Complaint letters aren't always fun, but sometimes they need
to be written. In many cases, if people don't complain, the
problem agency at fault (i.e. company or government) won't
even know that the problem that you and others may have
experienced even exists.
Ultimately, legitimate complaints, by even a few people,
can (and often do) result in better service for everybody.
Not only that, writing complaint letters can be personally
That's right. Writing complaint letters can be an empowering
and therapeutic experience! It allows one to take action
instead of playing the role of a victim and "nursing" an
ongoing resentment towards a company about poor service or
treatment received. Once the complaint letter is written and
in the mail one can "let it go" knowing that one has done
something tangible and constructive about the situation.
Not only that, but properly written and handled complaint
letters get action!
After I started writing complaint letters, I began receiving
gracious letters of apology and contrition from senior
executives including bank vice-presidents and VPs of
marketing for giant corporations.
Getting those in the mail, felt one heck of a lot better
than "polishing" an ongoing resentment and getting even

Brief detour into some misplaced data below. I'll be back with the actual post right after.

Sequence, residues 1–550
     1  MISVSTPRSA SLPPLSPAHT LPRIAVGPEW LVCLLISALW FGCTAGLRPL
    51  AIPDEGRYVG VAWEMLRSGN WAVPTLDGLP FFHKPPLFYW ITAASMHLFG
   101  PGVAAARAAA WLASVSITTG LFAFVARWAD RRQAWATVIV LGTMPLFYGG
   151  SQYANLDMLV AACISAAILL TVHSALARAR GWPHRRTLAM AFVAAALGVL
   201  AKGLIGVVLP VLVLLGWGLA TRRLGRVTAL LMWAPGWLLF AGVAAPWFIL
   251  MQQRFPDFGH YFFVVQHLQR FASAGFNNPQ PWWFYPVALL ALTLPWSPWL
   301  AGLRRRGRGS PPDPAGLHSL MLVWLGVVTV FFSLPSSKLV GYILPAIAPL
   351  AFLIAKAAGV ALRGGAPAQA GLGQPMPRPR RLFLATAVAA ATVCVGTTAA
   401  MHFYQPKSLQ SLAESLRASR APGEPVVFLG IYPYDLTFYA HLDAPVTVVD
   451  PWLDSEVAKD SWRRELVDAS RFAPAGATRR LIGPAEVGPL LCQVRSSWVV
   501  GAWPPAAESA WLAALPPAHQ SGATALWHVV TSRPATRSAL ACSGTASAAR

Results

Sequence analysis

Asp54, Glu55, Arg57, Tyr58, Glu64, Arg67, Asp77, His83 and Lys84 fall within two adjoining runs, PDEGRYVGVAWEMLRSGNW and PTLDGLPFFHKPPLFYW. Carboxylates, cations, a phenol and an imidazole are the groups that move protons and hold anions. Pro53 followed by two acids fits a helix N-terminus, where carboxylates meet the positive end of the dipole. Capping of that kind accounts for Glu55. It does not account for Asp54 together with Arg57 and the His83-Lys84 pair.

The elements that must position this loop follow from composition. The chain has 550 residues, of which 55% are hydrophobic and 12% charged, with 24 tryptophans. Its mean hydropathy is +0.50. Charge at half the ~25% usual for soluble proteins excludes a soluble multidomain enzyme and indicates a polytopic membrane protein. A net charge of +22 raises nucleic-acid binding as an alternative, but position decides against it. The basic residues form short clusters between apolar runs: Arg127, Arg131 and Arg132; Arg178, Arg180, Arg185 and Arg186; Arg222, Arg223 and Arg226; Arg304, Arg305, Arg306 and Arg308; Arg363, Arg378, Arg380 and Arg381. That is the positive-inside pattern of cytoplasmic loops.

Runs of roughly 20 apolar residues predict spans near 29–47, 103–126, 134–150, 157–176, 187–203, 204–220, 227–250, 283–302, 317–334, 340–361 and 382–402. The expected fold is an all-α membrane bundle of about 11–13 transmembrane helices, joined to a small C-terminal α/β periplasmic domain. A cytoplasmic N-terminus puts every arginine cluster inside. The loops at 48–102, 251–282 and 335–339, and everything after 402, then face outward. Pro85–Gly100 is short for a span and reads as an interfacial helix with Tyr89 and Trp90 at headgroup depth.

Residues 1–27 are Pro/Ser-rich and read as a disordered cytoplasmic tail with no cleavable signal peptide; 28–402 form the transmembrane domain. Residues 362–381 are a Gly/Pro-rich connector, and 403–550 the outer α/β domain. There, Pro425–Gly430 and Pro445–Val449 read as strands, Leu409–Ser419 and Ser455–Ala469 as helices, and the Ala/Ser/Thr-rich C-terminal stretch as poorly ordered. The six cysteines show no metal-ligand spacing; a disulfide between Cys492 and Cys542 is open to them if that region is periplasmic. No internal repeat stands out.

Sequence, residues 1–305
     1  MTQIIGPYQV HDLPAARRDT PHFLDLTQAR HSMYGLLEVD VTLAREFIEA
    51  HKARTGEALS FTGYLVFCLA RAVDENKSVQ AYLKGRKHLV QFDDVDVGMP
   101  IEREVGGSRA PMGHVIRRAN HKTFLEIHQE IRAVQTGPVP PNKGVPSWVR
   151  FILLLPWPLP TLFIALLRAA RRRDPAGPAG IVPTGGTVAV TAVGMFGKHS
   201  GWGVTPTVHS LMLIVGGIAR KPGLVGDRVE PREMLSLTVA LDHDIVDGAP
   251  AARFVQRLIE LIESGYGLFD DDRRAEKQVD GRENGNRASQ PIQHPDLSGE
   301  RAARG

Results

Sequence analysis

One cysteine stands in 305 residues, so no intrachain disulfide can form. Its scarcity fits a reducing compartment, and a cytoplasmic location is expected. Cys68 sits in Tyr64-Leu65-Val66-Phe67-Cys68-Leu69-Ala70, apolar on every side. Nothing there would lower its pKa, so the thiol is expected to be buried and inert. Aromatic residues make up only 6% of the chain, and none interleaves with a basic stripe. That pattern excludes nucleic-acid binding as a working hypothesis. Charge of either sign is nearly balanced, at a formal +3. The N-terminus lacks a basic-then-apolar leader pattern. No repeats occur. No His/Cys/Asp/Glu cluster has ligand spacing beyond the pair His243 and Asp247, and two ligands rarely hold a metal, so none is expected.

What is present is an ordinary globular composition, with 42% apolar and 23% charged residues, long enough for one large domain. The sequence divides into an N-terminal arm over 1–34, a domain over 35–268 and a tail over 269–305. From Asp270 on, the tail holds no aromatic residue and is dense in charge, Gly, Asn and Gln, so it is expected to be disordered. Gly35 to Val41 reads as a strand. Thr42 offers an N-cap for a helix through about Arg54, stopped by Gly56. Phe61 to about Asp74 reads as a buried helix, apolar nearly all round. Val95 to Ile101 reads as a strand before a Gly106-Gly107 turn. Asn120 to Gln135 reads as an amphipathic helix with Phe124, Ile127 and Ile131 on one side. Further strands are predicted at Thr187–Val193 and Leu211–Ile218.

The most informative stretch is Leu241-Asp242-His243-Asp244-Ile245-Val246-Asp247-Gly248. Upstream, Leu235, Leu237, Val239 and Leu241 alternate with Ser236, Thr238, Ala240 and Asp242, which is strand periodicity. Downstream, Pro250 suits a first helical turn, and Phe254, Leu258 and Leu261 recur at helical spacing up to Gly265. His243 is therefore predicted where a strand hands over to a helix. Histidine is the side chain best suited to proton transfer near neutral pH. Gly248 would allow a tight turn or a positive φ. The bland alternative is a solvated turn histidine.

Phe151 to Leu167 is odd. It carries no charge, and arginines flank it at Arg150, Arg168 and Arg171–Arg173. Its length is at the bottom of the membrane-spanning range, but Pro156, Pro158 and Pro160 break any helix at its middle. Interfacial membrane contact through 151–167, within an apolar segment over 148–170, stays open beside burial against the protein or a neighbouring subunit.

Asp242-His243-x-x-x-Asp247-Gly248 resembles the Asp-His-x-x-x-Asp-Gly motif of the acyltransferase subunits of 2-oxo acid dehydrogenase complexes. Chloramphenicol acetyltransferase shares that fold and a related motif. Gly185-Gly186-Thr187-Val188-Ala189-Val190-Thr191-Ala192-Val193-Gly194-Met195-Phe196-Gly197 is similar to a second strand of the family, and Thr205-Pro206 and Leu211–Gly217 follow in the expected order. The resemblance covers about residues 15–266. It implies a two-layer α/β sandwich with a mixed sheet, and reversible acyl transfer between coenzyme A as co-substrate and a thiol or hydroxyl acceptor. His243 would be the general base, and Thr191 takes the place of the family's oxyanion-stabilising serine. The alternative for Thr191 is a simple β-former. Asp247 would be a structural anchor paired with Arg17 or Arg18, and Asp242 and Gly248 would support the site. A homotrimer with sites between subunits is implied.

angrier the next time something bad happened. Sometimes I
even get discount coupons and free merchandise!
THE 10 SECRETS
Here are some strategies I have learned for writing
complaint letters guaranteed to get attention and action.
1. Write To The Senior Person Responsible
It is important that you get the name and detailed mailing
address of a very senior person responsible for the product
or service that you are complaining about. I generally try
to write to the V.-P. level. Never go below Director level
if you want a serious response. Name and address information
can be obtained from the organization's Web site or by
calling the company and asking for the name and title of
the senior person who you should write to.
2. Don't Send An E-Mail
When it comes to sending a serious complaint letter to a
company or the government, don't send an e-mail, regardless
of what it may say on their Web site. E-mails are usually
handled dismissively by low level "customer service" people.
If you want serious attention and action, the formal written
complaint letter is the only way to go. When it arrives in
the VP's office (yes, by snail mail!), it triggers a
bureaucratic process that ensures that the right people
will see your letter, and will act on it.
3. Keep It As Short As Possible
Preferably no longer than one page, two at the most. When
drafting a complaint letter there can be a tendency to go
on and on just to make sure the recipient gets the point.
Keep it as short as possible, but without diluting the facts
of your message too much.
4. Give It A Heading For Identification
Place a heading at the top of the letter with information
that the company or agency will relate to, such as your
account number or customer number. Make it easy for them
to find you on their computer filing system.
5. Clearly Explain The Situation